Just Passing Through: A Seven-Decade Roman Holiday: The Diaries and Photographs of Milton Gendel (Hardcover)
One of Vanity Fair’s Best Books of 2022
“Milton Gendel had the good fortune to live a wildly entertaining life in Rome—a charmed, romantic period he captured in diaries and photos. Milton had the further good fortune to have Cullen Murphy bring this vanished dolce vita to life.” —Graydon Carter, coeditor of Air Mail
A never-before-seen treasure trove of photos and diary entries from the celebrated photographer Milton Gendel that bring Rome’s midcentury heyday to life.
“I’m just passing through,” Milton Gendel liked to say whenever anybody asked him what he was doing in Rome. Even after seven decades in the Eternal City, from his arrival as a Fulbright Scholar in 1949 until his death in 2018 at the age of ninety-nine, he refused to be pigeonholed. He was always an American—never an “expat,” never an émigré—but he couldn’t leave, so deep were his ties, and this dual bond left an indelible imprint on his life and art.
Born in New York City to Russian immigrants, Gendel first made his way to Meyer Schapiro’s classroom at Columbia University and then to Greenwich Village, where he and his friend Robert Motherwell joined the circle of surrealists around Peggy Guggenheim and André Breton. But it was Rome that earned his enduring fascination—the city supplied him with endless outlets for his curiosity, a series of dazzling apartments in palazzi, the great loves of his life, and the scores of friendships that made his story inextricably part of the city’s own.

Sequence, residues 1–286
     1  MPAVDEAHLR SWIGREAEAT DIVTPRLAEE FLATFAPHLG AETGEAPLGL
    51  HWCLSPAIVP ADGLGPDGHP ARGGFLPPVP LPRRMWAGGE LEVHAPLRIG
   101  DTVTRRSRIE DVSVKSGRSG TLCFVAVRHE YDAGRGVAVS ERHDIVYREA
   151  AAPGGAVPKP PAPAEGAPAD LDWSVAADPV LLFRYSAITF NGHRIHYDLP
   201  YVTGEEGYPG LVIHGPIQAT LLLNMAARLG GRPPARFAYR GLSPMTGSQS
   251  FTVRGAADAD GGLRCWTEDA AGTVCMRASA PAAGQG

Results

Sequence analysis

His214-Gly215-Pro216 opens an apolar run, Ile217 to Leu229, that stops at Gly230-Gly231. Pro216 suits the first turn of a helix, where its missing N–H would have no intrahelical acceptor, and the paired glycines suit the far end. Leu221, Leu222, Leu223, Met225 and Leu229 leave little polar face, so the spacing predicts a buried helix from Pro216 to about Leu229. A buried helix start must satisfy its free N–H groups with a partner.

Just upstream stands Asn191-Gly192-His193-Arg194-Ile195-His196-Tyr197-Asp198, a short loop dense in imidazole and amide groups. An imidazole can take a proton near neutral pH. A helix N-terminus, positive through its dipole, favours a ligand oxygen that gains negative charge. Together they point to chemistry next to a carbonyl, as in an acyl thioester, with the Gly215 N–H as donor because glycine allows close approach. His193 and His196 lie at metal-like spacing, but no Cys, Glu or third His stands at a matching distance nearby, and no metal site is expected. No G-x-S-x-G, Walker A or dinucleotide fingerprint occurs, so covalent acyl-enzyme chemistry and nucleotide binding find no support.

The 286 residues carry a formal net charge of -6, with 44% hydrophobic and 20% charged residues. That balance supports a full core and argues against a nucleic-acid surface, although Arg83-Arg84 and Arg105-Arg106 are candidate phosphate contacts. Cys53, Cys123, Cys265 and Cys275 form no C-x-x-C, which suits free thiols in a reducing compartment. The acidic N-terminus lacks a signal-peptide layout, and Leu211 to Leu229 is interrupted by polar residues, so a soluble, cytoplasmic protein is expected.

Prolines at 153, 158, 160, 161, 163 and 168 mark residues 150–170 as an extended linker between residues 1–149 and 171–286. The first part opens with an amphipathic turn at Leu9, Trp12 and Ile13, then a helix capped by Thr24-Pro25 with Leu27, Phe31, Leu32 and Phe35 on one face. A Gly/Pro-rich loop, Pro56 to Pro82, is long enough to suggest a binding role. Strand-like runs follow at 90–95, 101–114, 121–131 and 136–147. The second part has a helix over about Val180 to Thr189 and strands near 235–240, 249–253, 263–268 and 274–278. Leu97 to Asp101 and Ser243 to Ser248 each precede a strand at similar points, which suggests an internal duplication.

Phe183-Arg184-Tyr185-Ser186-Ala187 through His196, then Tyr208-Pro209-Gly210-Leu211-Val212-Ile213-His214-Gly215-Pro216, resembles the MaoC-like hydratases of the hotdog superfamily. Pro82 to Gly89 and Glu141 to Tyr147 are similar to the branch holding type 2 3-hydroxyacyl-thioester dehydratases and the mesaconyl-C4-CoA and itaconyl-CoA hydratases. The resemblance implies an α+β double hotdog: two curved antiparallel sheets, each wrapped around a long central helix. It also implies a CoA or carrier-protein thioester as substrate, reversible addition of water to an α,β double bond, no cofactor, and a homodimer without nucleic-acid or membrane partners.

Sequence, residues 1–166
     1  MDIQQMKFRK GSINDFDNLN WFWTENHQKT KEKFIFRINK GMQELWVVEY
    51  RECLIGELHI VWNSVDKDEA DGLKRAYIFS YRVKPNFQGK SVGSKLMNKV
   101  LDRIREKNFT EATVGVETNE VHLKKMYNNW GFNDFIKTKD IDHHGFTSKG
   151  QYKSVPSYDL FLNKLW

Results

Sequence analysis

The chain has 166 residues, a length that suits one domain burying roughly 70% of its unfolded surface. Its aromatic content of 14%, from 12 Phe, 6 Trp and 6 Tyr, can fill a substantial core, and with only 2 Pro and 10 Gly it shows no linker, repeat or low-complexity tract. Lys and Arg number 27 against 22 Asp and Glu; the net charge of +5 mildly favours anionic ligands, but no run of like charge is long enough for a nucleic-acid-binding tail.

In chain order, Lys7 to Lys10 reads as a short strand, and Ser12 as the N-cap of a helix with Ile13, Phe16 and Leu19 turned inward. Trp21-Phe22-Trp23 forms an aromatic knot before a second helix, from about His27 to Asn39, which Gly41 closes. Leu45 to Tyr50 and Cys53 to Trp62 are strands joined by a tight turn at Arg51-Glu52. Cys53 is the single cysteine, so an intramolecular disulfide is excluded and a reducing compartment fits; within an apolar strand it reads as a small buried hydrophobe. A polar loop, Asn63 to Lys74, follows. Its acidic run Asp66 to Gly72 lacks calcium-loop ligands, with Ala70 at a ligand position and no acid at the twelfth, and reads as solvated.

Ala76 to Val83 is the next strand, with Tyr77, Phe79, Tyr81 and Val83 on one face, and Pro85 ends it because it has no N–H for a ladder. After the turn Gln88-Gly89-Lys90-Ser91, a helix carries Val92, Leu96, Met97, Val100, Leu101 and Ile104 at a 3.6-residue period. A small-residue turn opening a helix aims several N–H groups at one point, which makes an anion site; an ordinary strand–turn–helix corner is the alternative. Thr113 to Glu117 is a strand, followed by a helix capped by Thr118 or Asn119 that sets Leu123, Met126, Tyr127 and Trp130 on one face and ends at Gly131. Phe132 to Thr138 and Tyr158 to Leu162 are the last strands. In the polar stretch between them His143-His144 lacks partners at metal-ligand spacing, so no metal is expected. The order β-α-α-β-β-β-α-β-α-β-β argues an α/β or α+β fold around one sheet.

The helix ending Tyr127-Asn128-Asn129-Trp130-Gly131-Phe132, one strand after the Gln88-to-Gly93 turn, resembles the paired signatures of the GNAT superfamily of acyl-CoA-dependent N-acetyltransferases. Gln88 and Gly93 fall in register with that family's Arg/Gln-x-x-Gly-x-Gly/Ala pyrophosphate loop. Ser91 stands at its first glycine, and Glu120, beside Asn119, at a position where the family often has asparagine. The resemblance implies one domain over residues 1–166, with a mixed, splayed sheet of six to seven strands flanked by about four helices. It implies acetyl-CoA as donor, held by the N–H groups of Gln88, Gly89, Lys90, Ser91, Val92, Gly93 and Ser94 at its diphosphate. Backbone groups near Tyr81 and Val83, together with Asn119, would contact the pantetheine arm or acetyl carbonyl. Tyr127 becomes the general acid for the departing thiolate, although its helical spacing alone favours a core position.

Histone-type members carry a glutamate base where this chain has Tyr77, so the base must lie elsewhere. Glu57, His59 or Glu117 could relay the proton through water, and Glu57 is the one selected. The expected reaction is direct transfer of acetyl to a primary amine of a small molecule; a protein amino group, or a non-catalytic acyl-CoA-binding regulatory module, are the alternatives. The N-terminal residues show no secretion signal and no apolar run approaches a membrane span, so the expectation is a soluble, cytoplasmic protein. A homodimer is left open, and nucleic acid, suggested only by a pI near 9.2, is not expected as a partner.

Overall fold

Gendel did much more than just pass through, instead becoming one of Rome’s foremost documentarians. He spoke Italian fluently, worked for the industrialist Adriano Olivetti, and sampled the latest currents of Italian art as a correspondent for ARTnews. And he was an artist in his own right, capturing the lives of Sicilian peasants and British royals alike on film and showing his photographs at the Roman outpost of the Marlborough Gallery. Then there were his diaries, a casement window thrown open onto a who’s who of artists, writers, and socialites sojourning in the city that remained, for Gendel, the Caput Mundi: Mark Rothko, Princess Margaret, Alexander Calder, Anaïs Nin, Gore Vidal, Martha Gellhorn, Muriel Spark. His longtime home on the Isola Tiberina was the nerve center of the dolce vita generation, whose comings and goings and doings he immortalized in both words and images.
Here, for the first time in print, are Gendel’s diaries, together with his photographs, selected and edited by Cullen Murphy. Just Passing Through brings together the most striking artifacts of one of the past century’s richest and most expansive lives, salted with wit and insight into the figures who defined an era.
Includes black-and-white photographs
Cullen Murphy is an editor at large at The Atlantic, where he was the longtime managing editor, and he has also been an editor at large at Vanity Fair. He is the author of Cartoon County: My Father and His Friends in the Golden Age of Make-Believe (FSG, 2017) and is at work on a book on the fountains of Rome.